The Democratic Party kicks off its nominating convention on Tuesday in Charlotte. The selection of convention cities is usually strategic, but it's an open question whether this one can pave the way for a repeat victory in North Carolina. Obama won the state by the slimmest of margins in 2008, with 13,692 votes over John McCain out of over 4.2 million votes cast.
The Elon poll, conducted Aug. 25 to 30, spanned the days of the Republican convention in Tampa and shows a slight tilt to Romney. But other polls just before the GOP convention and since show a narrower race.
A poll from CNN/Time Magazine/ORC ending Aug. 26 pegged the race at 48 to 47 percent for Obama and Romney among likely voters. An automated poll for High Point University by Survey USA ending Aug. 23 had the race tied at 43 percent each among registered voters.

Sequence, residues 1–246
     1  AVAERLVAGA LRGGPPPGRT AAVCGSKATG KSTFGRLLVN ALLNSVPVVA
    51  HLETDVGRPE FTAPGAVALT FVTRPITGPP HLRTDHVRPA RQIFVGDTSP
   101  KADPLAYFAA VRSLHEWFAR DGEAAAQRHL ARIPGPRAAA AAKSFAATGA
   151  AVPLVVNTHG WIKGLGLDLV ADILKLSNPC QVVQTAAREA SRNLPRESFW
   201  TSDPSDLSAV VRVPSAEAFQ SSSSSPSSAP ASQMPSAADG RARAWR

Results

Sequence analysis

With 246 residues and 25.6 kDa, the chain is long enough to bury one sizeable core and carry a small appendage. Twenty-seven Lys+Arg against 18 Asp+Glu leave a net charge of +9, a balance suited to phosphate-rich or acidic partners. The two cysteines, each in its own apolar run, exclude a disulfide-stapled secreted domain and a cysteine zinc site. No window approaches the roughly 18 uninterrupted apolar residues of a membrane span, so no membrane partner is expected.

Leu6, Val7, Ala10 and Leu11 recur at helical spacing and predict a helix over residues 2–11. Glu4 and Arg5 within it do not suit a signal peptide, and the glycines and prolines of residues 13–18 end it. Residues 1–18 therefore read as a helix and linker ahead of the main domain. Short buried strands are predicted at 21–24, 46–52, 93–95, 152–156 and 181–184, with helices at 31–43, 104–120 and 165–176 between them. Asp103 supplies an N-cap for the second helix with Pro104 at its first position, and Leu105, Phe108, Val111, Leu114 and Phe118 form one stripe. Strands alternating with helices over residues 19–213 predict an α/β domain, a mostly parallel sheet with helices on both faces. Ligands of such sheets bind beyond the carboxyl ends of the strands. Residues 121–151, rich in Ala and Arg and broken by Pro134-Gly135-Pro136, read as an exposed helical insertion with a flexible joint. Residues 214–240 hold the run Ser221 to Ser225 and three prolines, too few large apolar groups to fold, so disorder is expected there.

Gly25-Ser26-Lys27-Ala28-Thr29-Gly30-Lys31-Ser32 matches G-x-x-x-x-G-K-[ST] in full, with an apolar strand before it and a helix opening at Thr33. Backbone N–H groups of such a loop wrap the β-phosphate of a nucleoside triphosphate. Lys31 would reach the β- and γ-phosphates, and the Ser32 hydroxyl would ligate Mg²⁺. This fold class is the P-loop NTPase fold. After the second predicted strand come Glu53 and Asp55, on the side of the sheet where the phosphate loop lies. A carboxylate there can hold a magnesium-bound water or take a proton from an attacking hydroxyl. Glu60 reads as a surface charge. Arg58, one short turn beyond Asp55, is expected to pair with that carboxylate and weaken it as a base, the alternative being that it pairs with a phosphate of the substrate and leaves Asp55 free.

Two new automated polls show a narrow race. One completed on Sept. 2 from the Democratically aligned Public Policy Polling has the race at 48 percent each among likely voters and the newest poll from High Point University (completed August 30) has the race at 46 percent for Romney to 43 percent for Obama among registered voters.
One of the most important groups that powered Obama to victory in 2008 was young voters, who supported him overwhelmingly. Those under age 30 went to Obama by 74 to 26 percent according to exit polls. This was the difference maker - he lost among every other age group.
In the new Elon poll, Obama is much softer among young voters, winning by just 58 to 34 percent. Perhaps the convention in Charlotte can excite young voters in a similar fashion, but just 36 percent in that age group say they are "very excited" about the election.